Now more than ever, PCR has become a household name akin to Harry Potter or Gandalf the Grey, and in most cases no less mysterious nor magical. Whilst the distillation of molecular magic that is PCR has been invaluable (despite controversy) for screening your swabs, spit and other bodily fluids for COVID-19, it is also undeniably applicable to ecology. But how do we design this tool for ecological studies?
PhDing in a pandemic
Since finishing my PhD in the thick of the UK’s latest COVID-19 lockdown, I’ve been asked a torrent of questions by fellow PhDers, higher-ups and curious bystanders. “What was the viva like?” “How did you find the write-up in lockdown?” “Do you have any advice on finding a postdoc in a pandemic?” Now, full disclosure: … Continue reading PhDing in a pandemic
In Fine Featherwings
Is it a bird? Is it a plane? No, it's a beetle! Featherwing beetles are fascinating insects indeed!
Pilling in the name of
It's about time I told you about pill bugs. You would be forgiven for thinking I refer to some sort of oblong Hemipteran (i.e. true bugs, which the title "bug" should truly accord with). The reality is that I could be referring to one of two quite taxonomically distinct animals. One would be forgiven for … Continue reading Pilling in the name of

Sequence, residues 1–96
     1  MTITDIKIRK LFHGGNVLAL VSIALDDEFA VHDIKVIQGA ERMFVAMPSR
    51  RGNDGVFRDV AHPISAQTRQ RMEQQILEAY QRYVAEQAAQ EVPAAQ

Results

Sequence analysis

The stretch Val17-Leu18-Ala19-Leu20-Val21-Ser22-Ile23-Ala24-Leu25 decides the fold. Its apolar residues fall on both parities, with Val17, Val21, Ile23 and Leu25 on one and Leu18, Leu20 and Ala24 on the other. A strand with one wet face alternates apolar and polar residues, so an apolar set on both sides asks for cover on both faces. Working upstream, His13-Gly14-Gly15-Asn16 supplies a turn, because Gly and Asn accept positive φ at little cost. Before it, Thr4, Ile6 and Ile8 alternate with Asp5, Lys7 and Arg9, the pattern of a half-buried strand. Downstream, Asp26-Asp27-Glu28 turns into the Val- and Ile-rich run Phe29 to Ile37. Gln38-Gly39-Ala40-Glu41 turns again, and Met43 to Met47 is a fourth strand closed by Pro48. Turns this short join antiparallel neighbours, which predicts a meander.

Rolling in money spiders
Arachnophobes often recoil at the arrival of a leggy speck of black on their clothes during a peaceful stroll. Fear not, it is but a money spider!
Dangers on the Web: the Internet of Biological Things
New internet technologies permeate biological sciences, expanding the boundaries of possibility, but is this safe?